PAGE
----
It’s a bad year for Christopher Columbus. Seattle just announced that the city is changing Columbus Day to Indigenous Peoples Day, and now the identification of his flagship, the Santa Maria, is being called into question.
In 1492, Christopher Columbus sailed across the ocean with three ships but brought only two of them back home. The Santa Maria ran aground on Christmas that year, and its exact location was lost to history. As the Guardian reports, archaeologists have speculated for years as to whether the ship’s wreckage had disappeared into the sediment or been pushed out into the bay.
Earlier this year, archaeologists claimed to have found the wreck of the Santa Maria off the coast of Haiti, but a new report from UNESCO says that this particular wreck cannot be that of the Santa Maria.
Although the site is located in the general area where one would expect to find the Santa Maria based on contemporary accounts of Columbus’ first voyage, it is further away from shore than one should expect.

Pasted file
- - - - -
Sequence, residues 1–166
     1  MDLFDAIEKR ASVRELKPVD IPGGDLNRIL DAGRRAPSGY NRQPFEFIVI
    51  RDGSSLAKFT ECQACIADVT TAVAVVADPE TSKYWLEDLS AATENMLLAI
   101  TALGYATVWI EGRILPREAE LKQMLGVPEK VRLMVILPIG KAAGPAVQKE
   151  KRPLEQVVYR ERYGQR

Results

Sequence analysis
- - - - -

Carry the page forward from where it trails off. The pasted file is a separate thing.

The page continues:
Furthermore, and even more conclusively, the fasteners found on the site indicate a technique of ship construction that dates the ship to the late 17th or 18th century rather than the 15th or 16th century. In addition, if artefact CV1-10 is indeed the remains of protective copper sheathing, than the ship could even not be dated to a time before the late 18th century.
A few days before the UNESCO report was released, the AP reported that Barry Clifford, who had found and excavated the wreck site, was standing by his assertion that the wreck was the Santa Maria.
The UNESCO report does recommend that people keep searching for the remains of the Santa Maria and encourages the government of Haiti to take steps to protect the wrecks in the area.